The head shot issue has received an impassioned boost from the results of deceased legendary enforcer Bob Probert's brain showing signs of chronic traumatic encephalopathy, a degenerative brain disease caused by repeated trauma to the head. However, the NHL is also not the only league with concerns about hits to the head. A study out of the University of Michigan indicated that NFL players are 19 times more likely to develop memory-related brain diseases such as Alzheimer's in the age group of 30 to 49 when compared to the rest of their peers.
The stakes are now known to be higher and the pressure mounting to remove targeting of the head from the game. Steps will surely be taken to remove head shots from minor hockey as the grassroots level is often spoken of as the great hope for eradicating head shots from the professional ranks. The attempt to rid the game of hits from behind from the ground up, refereeing and coaching at the minor league level can do a great deal to change hockey attitudes from a young age.
This is not something that can be corrected with a rule change alone and one will begin to be nauseated by repeated calls for a "culture change" in hockey, but what is meant by changing the culture? Judging by the rhetoric surrounding headshots today it is clear that the culture has already changed. I strongly encourage anyone to look up "Scott Stevens Top Ten Hits" online and imagine what the response to any legendary hits would be today. Watching Stevens put Paul Kariya into a dream sequence, only to have Kariya return and score is the stuff of NHL playoff folklore and it revolves around a hit that would have surely got Stevens suspended and vilified.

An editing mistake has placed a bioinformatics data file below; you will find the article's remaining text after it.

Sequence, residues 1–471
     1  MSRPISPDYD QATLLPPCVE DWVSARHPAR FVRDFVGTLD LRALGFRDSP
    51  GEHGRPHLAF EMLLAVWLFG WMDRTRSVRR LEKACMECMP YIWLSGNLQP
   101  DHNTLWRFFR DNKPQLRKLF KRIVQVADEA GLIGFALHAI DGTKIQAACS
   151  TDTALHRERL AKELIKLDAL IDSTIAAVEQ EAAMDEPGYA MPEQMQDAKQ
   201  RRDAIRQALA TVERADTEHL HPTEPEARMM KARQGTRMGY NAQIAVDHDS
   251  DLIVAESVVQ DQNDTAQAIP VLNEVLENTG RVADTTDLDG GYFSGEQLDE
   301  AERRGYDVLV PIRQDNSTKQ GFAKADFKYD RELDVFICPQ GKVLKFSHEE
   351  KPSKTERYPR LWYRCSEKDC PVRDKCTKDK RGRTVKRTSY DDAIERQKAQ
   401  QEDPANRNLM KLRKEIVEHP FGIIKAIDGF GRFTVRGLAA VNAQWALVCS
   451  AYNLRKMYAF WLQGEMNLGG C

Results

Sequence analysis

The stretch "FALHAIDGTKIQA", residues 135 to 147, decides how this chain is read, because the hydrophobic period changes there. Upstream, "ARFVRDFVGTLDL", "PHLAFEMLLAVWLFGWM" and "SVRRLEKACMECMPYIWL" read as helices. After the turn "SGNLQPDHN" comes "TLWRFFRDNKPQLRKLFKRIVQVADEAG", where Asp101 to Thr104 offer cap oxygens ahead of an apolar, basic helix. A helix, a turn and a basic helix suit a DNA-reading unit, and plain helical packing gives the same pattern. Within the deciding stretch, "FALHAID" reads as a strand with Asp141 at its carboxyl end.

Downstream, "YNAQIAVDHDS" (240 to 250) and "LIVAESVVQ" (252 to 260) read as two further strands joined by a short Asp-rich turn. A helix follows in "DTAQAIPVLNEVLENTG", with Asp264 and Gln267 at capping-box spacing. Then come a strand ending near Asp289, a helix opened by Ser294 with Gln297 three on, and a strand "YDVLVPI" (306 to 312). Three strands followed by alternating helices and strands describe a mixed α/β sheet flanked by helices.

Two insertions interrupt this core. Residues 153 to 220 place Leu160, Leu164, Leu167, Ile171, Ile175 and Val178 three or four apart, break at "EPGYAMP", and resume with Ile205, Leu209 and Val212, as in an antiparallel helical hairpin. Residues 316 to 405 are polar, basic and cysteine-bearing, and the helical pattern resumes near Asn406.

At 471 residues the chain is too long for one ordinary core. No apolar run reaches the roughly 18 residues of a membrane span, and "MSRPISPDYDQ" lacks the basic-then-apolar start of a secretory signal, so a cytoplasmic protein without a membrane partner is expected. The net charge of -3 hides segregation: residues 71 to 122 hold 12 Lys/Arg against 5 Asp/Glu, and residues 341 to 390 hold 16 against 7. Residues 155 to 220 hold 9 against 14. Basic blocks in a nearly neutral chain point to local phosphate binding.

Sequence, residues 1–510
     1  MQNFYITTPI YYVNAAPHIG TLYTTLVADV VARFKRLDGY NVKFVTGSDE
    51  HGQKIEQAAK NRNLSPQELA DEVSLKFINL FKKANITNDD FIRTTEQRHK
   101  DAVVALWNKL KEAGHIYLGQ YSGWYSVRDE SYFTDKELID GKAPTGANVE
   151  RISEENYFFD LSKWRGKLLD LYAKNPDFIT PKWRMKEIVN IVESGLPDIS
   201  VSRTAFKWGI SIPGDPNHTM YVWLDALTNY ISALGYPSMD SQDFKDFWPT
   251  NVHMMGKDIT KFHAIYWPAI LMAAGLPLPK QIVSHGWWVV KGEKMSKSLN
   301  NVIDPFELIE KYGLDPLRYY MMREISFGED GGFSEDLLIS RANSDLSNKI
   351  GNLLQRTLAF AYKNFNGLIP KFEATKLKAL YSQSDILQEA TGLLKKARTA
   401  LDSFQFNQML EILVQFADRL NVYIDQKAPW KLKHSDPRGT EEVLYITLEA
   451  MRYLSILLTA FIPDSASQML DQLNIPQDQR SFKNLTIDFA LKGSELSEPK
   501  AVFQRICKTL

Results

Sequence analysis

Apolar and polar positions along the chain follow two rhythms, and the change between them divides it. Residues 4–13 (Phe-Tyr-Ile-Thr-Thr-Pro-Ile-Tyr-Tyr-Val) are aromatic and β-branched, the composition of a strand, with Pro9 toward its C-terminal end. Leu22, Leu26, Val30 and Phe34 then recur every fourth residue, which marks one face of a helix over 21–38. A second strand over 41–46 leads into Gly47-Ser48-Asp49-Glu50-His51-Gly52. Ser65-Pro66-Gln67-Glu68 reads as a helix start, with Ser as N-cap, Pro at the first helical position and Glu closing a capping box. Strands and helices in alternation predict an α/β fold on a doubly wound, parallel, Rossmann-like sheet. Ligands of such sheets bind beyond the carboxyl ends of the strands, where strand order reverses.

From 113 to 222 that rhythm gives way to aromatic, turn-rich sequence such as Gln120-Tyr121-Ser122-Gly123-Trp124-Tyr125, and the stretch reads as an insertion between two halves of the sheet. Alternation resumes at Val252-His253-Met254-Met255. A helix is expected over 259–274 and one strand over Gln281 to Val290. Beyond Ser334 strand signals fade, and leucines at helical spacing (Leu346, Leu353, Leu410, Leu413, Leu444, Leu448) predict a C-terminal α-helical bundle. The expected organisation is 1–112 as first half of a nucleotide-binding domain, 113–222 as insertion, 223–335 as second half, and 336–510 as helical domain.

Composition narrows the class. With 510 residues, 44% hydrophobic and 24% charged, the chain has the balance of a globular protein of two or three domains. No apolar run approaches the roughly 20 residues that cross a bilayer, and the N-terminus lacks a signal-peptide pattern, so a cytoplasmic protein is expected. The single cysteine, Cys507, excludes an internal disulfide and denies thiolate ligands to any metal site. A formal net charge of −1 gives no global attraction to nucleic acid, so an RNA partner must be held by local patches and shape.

This, if nothing else, is evidence of a cultural shift. Now the NHL needs to decide on uniform, automatic punishment to cement the process of changing the way hits to the head are understood. Once the consequences are known from the start, suspensions will be swift and without the painstaking deliberation that forces league officials to make judgement calls.
The public is often reminded that hockey is now much faster, the hits harder, the equipment larger, the respect drained and the discipline lax-- all these factors contributing to the perfect storm that causes these gruesome injuries.
What is uniformly the same is that in all these instances, there is always a similar moment. The announcer's voice goes soft, the whistle is blown, the crowd is hushed and the fastest game in the world grinds to a halt. In this moment, the entire hockey universe thinks with one mind. It is that stillness that exemplifies when a game has stepped beyond the assumed liabilities that fans expect out of their athletes and into genuine concern. Seeing Pacioretty or Crosby or Savard lying on the ice struggling to identify their surroundings is not something that reminds one of why they fell in love with the game in the first place.
Head shots are an ugly part of a wonderful game that all can agree need to be removed, the league misses talent like Crosby's too much.